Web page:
The passage of the Dodd Frank Act, the Market Abuse Directive (MAD) and MiFID, as well as the newly issued Guideline 2012/122 from the European Securities and Markets Authority (ESMA), which covers algorithmic and direct market access (DMA) electronic trading, is clear evidence that the regulation of financial markets continues to go through unprecedented rate of change.
The pace of regulatory change is not only unprecedented – it’s speeding up. In December 2011, ESMA issued an initial set of guidelines around algorithmic and direct market access electronic trading. The final requirements, Guideline 2012/122 or “Systems and controls in an automated trading environment for trading platforms, investment firms and competent authorities,” were released in February 2012 and came into force on May 1.
Guideline 2012/122 is significant. It covers both client and proprietary trading and affects firms engaged in purely with proprietary trading as well as those offering DMA, who now need to surveil and report on trading activities performed by their DMA clients.
The timeframe gives regulators, market places and market participants only a few months to implement changes to pre-trade systems, order management systems, surveillance and monitoring systems, and internal organizations and processes – a very tall order.
If we take a moment from the rush to comply with all of this, we can identify a few trends, both among the rules and regulations and in the greater market, that help predict where the markets might be heading and what firms will need from their market surveillance and supervision systems.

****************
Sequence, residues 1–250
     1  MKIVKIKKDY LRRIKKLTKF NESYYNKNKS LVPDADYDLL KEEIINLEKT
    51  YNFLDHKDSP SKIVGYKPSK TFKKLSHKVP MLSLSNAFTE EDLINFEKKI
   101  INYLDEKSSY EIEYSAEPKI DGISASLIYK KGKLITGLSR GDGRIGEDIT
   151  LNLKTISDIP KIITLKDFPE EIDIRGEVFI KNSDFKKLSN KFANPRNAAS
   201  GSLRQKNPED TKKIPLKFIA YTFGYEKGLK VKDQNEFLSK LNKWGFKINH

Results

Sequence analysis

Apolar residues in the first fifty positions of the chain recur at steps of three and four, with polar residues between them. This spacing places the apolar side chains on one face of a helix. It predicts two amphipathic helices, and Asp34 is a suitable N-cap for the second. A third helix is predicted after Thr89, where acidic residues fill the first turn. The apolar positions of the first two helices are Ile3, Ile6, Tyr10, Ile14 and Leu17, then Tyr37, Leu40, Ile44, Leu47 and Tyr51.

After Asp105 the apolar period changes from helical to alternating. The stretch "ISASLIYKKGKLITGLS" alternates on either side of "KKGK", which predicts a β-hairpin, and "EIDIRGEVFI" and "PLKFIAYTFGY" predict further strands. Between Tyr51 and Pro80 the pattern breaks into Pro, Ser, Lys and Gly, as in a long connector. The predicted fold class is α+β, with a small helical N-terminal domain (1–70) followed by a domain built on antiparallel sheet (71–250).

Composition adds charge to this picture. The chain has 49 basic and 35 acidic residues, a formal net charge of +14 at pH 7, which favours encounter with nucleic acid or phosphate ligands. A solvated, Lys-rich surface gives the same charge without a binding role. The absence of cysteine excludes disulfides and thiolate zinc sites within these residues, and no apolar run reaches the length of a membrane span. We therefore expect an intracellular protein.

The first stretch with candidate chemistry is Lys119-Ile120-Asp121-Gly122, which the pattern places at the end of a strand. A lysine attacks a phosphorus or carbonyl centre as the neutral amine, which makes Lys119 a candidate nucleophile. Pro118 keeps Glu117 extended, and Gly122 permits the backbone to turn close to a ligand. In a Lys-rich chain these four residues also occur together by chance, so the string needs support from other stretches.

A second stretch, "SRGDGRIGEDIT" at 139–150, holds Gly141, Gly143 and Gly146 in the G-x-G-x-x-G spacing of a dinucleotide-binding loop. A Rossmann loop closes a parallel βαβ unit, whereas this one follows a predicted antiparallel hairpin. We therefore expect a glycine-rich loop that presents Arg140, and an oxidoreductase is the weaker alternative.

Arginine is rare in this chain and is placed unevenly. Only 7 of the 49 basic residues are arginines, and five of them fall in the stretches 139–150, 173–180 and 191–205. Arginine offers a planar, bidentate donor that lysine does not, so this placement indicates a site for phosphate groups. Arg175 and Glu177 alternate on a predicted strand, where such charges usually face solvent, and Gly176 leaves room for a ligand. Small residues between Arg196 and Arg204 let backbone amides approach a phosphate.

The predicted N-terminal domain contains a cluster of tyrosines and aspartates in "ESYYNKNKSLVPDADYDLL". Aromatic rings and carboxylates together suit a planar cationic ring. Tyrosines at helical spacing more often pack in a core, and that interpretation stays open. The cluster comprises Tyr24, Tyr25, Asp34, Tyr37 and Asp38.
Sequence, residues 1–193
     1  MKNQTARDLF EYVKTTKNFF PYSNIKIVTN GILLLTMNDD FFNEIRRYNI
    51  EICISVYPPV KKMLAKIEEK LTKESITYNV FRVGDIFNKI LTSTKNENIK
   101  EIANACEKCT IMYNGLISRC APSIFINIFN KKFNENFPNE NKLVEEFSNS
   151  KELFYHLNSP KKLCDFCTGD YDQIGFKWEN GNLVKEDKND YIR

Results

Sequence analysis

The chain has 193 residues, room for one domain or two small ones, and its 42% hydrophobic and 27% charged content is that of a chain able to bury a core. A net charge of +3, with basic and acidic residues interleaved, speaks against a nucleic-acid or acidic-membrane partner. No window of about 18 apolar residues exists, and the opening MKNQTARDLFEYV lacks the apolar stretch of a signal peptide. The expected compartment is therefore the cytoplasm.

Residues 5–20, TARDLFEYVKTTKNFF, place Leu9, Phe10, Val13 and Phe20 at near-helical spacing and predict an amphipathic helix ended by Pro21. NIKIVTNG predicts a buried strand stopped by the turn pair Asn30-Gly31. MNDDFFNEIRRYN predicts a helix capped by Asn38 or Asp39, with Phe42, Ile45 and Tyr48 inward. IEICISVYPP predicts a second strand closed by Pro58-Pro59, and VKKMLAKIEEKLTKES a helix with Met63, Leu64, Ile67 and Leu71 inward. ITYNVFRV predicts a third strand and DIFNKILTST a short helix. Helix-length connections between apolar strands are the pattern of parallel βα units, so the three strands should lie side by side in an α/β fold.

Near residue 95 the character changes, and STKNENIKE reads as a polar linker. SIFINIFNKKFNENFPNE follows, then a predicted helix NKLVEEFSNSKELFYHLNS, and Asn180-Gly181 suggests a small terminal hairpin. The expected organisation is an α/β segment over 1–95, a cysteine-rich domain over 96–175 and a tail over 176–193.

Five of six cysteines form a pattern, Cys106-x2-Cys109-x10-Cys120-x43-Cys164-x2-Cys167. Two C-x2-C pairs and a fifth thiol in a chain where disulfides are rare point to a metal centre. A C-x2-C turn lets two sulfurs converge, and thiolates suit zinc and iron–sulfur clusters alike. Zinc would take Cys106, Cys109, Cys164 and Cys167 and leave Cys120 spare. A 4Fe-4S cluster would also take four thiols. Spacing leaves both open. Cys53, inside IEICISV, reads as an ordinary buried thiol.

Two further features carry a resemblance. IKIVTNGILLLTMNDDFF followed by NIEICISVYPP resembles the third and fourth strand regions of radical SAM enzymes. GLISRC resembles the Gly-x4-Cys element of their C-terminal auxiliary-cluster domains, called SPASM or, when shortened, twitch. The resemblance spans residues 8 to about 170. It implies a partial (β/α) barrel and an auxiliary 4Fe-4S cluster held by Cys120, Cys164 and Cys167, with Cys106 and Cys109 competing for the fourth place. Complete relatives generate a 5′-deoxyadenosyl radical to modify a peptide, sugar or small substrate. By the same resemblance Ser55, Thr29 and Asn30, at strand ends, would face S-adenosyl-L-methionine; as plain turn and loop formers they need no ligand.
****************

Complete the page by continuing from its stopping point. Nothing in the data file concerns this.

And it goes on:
Trends in Regulations
· Surveillance on order level. Market abuse is increasingly done at order level, where actors seek to gain a market advantage by creating a false picture of price movement and/or liquidity through various strategies.
Spoofing and layering are very good examples, and the £8M fine issued by the UK’s Financial Services Authority in 2011 is a prime example how important it is to safeguard your firm and identify suspected cases as soon as possible. This will help ensure that appropriate actions can be taken before you make headlines in the press.
· Real time. Regulators are increasingly expecting trading platform and market participants to be able to very quickly act and report on observed potential market abuse and suspicious orders. The ESMA Guideline explicitly states near real time, although ESMA does not currently provide an exact definition what that means. It is clear, however, that the trend is moving towards intraday detection, with appropriate actions being taken and reporting to the competent authority on the day of trading.
· Cover all orders and trades flows that are electronically sent to a trading platform. This includes order flow routed via DMA, where under ESMA, market participants will have to monitor client order and trade flows for potential erroneous transactions and market abuse and report any suspicious orders and trades.